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Is 80% of "hi-fi" just EQ?

Discussion in 'Sound Science' started by dizzyorange, Sep 21, 2013.
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  1. bigshot
    Headphones have less need of equalization, especially if you can afford a set with very tight quality controls. But Iheadphones don't present commercial music in the way that it was originally created. For that, you need speakers... and if you have speakers and a room, you'll almost certainly need EQ.

    There are thousands of old 70s amps and receivers out there with phono inputs. The RIAA curve isn't rocket science. I remember when amps stopped having phono inputs, I had to get a phono preamp dongle from Radio Shack to use my turntable. I think it cost around[ $25 and did the job perfectly.

    I have a nice old Rane 1/3 octave equalizer I use to EQ 78s. It works fine. Digital parametric equalizers are even better. EQ isn't an issue except with those old 70s five band cheapo units. They would hum and crackle and distort and generally mess up sound. It isn't like that any more.
     
    Last edited: Jun 28, 2019
  2. jagwap
    EQ is a poor way to fix room issues. When the sound comes out of the speaker, it first arrives at your ear relatively unaffected. This is what your brain takes as the sound you are hearing. Then the reverberant sound arrives, messing things up a few milli seconds later. It is this delayed sound that needs fixing (note: fixing, not removing, otherwise you would have an anechoic chamber). Your brain is very good at fixing the reverberant sounds. It's been doing it for millions of years. If you fix with EQ, the first arrived sound is messed up and you have changed the way your speakers sound. What you need is room EQ that works in the time domain, and leaves the first arrival alone. I have seen this demonstrated many times. Take a look at Dirac, or Lyngdorf systems(based on the old the TACT system). An interesting fact is that is you walk into a time domain corrected room playing music, then you turn off the correction, the effect is huge. When you do it the other way around, the effect is moderate to nil. Because your brain has already done it for you. (this assumes a normal room without huge resonances and someone who knows you have to place the speakers on resonance nulls.)[/QUOTE]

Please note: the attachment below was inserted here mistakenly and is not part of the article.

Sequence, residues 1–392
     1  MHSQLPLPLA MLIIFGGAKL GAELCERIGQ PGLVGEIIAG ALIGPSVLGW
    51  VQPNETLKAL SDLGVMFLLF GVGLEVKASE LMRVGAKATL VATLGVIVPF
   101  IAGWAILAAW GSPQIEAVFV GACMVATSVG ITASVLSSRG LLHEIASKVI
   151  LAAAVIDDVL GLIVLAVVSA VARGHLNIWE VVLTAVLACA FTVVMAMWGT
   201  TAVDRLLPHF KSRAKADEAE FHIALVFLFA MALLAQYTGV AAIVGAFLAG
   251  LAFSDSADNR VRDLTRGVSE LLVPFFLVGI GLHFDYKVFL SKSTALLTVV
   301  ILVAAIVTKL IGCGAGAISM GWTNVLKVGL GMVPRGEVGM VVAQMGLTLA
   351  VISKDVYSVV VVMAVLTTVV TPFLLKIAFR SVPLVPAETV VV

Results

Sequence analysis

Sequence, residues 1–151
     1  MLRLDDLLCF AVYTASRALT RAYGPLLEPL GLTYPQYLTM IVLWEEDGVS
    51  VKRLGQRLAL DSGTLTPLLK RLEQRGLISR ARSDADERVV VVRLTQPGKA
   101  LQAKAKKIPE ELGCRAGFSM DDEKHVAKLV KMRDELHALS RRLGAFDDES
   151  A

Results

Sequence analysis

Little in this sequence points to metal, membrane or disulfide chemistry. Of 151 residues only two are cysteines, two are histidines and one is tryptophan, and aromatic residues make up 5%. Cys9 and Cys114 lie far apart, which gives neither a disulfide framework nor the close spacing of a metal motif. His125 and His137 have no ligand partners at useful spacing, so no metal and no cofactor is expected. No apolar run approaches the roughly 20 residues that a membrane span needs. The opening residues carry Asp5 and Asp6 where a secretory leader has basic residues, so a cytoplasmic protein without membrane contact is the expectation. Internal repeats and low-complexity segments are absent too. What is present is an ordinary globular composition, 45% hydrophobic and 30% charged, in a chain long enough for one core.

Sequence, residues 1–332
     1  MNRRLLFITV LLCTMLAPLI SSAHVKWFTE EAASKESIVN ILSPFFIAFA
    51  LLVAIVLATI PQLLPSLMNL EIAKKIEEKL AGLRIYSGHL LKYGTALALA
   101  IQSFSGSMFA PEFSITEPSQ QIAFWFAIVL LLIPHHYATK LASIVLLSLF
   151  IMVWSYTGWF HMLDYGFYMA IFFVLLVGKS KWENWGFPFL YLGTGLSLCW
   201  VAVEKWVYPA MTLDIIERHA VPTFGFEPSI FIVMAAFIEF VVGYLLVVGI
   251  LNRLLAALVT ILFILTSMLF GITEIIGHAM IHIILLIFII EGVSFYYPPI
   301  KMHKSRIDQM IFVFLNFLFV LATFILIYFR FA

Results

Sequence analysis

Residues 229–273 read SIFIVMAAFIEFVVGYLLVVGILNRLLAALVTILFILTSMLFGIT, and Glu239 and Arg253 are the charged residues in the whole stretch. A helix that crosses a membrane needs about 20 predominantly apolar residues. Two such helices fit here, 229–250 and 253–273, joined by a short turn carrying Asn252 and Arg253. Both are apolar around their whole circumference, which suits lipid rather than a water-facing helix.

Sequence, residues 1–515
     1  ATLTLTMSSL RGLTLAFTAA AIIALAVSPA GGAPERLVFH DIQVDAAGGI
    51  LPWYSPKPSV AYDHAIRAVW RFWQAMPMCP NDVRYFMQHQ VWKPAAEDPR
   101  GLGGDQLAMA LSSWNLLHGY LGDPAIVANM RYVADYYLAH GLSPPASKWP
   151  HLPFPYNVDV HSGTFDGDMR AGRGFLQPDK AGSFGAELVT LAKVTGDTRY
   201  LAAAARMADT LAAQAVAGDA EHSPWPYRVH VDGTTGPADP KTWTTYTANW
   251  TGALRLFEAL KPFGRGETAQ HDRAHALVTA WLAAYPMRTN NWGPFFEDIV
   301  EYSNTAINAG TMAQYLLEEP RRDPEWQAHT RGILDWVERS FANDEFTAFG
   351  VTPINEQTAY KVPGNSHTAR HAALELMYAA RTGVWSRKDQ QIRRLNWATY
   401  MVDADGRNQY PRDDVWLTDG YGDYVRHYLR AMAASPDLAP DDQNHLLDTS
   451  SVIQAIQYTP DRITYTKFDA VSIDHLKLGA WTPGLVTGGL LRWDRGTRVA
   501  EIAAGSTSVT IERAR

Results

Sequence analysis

There are thousands of old 70s amps and receivers out there with phono inputs. The RIAA curve isn't rocket science. I remember when amps stopped having phono inputs, I had to get a phono preamp dongle from Radio Shack to use my turntable. I think it cost around[ $25 and did the job perfectly.[/QUOTE]

    Correction: It did the job well enough for you. It was not within spitting distance of perfect. Was the loading corrected for your cartridge? If not the response was not flat. Did it use 1% or better components? Not at that price, then the response was not flat. You are either just not very critical, or haven't heard a well set up turntable system.

    He's one for you: Michael Gurzon and Peter Craven, two of the most highly respected audio theoreticians in the industry said to my face at the AES, that 78 chillac is the highest quality domestic format available. That was when CDs were commonly available. I was young, new in the industry, so I assumed they were taking the piss. However they were working with a company to create an archiving turntable for the likes of the UK national music archive. So maybe 78s don't have to sound that bad if you have a decent phono amp and their equipment.